What would advance the state of the art is people running experiments to show which features do what is claimed of them, and which don’t.

                                                                                    Existing claims are based on ego, vanity and arm waving (there have been a few inconclusive studies).

                                                                                    1. 1

                                                                                      I believe the inventors of both Pyret (Shriram Krishnamurthi) and Hedy (Felienne Hermans) have done lots of quantitative research on software education.

                                                                                      1. 1

                                                                                        I was not previously aware of the Pyret/Shriram Krishnamurthi work.

                                                                                        A quick scan of a dozen or so of his most recent experimental-looking papers finds they are essentially write-ups of student test results. Not experiments, as such. One was a survey (I treat surveys as fake research).

                                                                                        Can you point me at the good experimental papers.

                                                                                  2. 1

                                                                                    I will proceed along the lines of discussion that I already introduced.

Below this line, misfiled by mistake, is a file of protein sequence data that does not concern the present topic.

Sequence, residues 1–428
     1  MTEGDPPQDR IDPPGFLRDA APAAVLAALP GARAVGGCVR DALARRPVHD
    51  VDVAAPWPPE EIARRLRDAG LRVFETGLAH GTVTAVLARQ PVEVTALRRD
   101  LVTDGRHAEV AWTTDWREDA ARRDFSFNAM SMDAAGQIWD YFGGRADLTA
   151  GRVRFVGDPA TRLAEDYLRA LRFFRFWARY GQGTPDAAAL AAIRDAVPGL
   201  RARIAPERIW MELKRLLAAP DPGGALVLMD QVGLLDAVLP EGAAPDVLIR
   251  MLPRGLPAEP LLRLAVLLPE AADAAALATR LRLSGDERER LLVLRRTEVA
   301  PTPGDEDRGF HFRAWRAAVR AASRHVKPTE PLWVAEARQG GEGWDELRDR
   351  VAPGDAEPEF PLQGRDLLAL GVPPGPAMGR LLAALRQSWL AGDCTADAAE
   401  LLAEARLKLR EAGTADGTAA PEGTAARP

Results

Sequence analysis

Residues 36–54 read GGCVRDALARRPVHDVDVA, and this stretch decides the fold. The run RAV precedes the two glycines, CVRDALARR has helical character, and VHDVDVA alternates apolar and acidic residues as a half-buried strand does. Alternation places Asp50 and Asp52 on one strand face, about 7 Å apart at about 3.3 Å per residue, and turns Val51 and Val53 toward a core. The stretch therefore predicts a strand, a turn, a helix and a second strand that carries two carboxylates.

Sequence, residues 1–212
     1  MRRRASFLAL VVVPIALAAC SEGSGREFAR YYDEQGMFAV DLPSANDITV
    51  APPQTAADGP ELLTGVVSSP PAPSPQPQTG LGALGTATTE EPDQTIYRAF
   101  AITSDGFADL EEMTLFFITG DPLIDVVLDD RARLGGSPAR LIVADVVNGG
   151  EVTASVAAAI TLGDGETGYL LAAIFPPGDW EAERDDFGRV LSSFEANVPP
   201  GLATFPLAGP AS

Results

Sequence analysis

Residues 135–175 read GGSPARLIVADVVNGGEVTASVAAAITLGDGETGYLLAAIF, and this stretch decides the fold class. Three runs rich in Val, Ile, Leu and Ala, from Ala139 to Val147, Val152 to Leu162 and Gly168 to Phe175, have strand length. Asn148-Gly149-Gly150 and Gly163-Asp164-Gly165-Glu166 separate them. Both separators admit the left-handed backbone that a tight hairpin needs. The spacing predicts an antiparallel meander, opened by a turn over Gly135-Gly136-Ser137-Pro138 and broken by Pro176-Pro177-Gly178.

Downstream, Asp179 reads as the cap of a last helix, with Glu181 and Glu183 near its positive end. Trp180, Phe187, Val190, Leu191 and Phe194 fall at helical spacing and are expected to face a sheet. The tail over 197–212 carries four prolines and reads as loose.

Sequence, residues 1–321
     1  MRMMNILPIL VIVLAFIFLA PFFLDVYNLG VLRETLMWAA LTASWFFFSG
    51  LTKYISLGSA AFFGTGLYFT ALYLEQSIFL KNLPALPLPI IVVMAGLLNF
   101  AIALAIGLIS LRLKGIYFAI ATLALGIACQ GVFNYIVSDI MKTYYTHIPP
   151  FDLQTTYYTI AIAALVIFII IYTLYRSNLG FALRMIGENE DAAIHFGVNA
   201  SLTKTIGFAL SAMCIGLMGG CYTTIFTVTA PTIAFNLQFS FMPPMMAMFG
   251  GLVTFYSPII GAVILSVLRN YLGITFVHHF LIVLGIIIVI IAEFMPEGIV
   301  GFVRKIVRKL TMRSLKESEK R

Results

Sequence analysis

First, there is a basic metric that we can use for language quality, Kolmogorov complexity, with respect to some basket of chosen problems. In short, shorter programs are better. Additionally, we can use Shutt’s insight and compare the first and second derivatives of semantics for languages. The first derivative is like Kolmogorov complexity, while the second derivative suggests that not just shorter programs are valuable, but also shorter patterns for reusing subprograms and abstracting their usage.

                                                                                    Putting this together, my critique is simply that Quorum isn’t very good on either metric. My own pet language, Monte, is both terrible and also handily surpasses Quorum.

                                                                                    To the state of the art, first, note that identity and equality operators have been a deep philosophical topic in our field for a long time. Baker’s paper is from 1990. By 1996 or so, E had added an “equalizer” object which performs identity and equality comparisons, rather than delegating responsibility to individual classes. To quote from linked E documentation:

                                                                                    The traditional language specification would state “a’s behavior and b’s behavior must agree” (see for example the specification of “equals” in Java). However, when code is integrated from multiple sources, such specifications are incoherent. If “a” and “b” don’t agree, who’s at fault? In Java, once someone adds the following code to a system,